picking is allowed in our National Parks.

    [Illustration: SKYROCKET GILIA (red)]

    [Illustration: CALIFORNIA STICKSEED (white)]

    [Illustration: NUTTALL LARKSPUR (blue)]

    [Illustration: PACIFIC MONARDELLA (white to lavender)]

                               (0.2 mile)

62 The sudden change in topography indicates the east edge of CHAOS
JUMBLES ... the huge landslide from nearby Chaos Crags.

This upper edge of the hummocky rock debris is thin, and lies on a
relatively flat undersurface. As a result, the forest trees grow
normally here, in contrast to the dwarf forest to be found on the main
mass of thick, sloping, and very porous Jumbles.

The pale yellow-green, moss-like material on the tree trunks is called
staghorn lichen. It is not a moss, but is a union of two plants growing
together; a fungus, giving it form and body, and an alga, growing inside
and manufacturing food for both from the air and sunshine. Lichens do
not in any way harm the trees, and grow as well on dead material.

                               (0.6 mile)

63 The pink mountain mass to the south is CHAOS CRAGS. It is composed of
three plug volcanos of a lava known as dacite. This material was rapidly
pushed up in a molten state, much as one would squeeze paste from a
tube. As the lava plugs cooled and hardened, steam explosions took place
from the base of the cliff, undermining it and causing at least three
tremendous avalanches estimated as occurring about 1700 years ago, 700
years ago and the most recent in about the year 1690. Due to the small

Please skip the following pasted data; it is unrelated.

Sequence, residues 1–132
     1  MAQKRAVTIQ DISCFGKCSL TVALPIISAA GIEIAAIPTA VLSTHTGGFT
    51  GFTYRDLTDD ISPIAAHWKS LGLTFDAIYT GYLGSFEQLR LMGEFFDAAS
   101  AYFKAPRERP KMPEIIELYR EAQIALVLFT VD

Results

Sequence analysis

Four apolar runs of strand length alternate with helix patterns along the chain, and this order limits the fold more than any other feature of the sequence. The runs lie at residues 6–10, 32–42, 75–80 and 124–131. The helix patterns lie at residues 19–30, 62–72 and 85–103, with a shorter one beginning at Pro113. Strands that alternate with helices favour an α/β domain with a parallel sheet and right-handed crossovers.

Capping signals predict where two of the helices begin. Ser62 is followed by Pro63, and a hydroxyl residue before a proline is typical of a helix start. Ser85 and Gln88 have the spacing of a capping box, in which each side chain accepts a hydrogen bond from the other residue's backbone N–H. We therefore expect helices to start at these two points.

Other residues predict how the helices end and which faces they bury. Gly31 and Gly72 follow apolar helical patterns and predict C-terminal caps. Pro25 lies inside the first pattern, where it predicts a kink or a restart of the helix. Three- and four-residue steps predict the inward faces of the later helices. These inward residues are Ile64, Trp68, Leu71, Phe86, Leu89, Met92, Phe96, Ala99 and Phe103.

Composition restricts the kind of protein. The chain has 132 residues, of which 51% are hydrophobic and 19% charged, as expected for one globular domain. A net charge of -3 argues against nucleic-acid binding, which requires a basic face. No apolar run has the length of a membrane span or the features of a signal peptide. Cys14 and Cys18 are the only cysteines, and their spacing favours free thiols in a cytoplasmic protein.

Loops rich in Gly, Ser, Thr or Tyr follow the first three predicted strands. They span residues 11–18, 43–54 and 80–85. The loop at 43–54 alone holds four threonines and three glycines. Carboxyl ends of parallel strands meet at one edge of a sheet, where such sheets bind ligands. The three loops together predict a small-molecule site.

amount of soil and porous rock, many of the stunted trees in this Dwarf
Forest are over 200 years old.

                               (1.1 mile)

    [Illustration: Landscape]

64 VISITOR CENTER, LODGE and CAMPGROUND, elevation 5,950 feet, is the
center of visitor facilities and services.

The Visitor Center is open daily. Free naturalist-conducted hikes,
caravans, and nature walks originate here. Informal campfire programs
are presented nightly in the Manzanita Lake Campground Amphitheater from
June through mid-September.

The LILY POND SELF-GUIDING NATURE TRAIL, an easy 1-mile loop route,
starts just across the road from the Visitor Center. It is unique in
having ten species of cone-bearing trees and three species of
broad-leaved trees along its short and nearly level route.


Abundant wildlife, including deer and a large variety of birds, is found
in the Manzanita-Reflection Lakes area. The most common rodents are the
golden-mantled ground squirrel and the chipmunk.

The Loomis Museum, with a tract of 40 acres, was given to the Federal
Government in 1927 by Mr. and Mrs. Benjamin F. Loomis in memory of their
daughter, Mae. On this land are now located the public lodge and dining
room, curio store, service station, grocery store and postoffice.

    [Illustration: National Park Service logo]

The National Park Service emblem pictured here was adopted in 1953. Many
visitors confuse the Park Service (Department of the Interior) with the
Forest Service (Department of Agriculture). Briefly, the National Park
Service preserves the National Parks and Monuments in an unchanged
state, while the U. S. Forest Service operates National Forests on a
sustaining yield basis.

                               (0.1 mile)

    [Illustration: JEFFREY PINE (cone about 5 inches)]

    [Illustration: SNOWPLANT (red)]

    [Illustration: COW LILY (yellow)]

65 REFLECTION LAKE, elevation 5,880 feet. A few hundred feet ahead is
the road to the Reflection Lake Picnic Ground. There tables, fireplaces,
and rest rooms are available for free visitor use.

Reflection Lake gets its name from the fine reflections of Lassen Peak
and Chaos Crags to be seen in it from near the picnic ground. It is an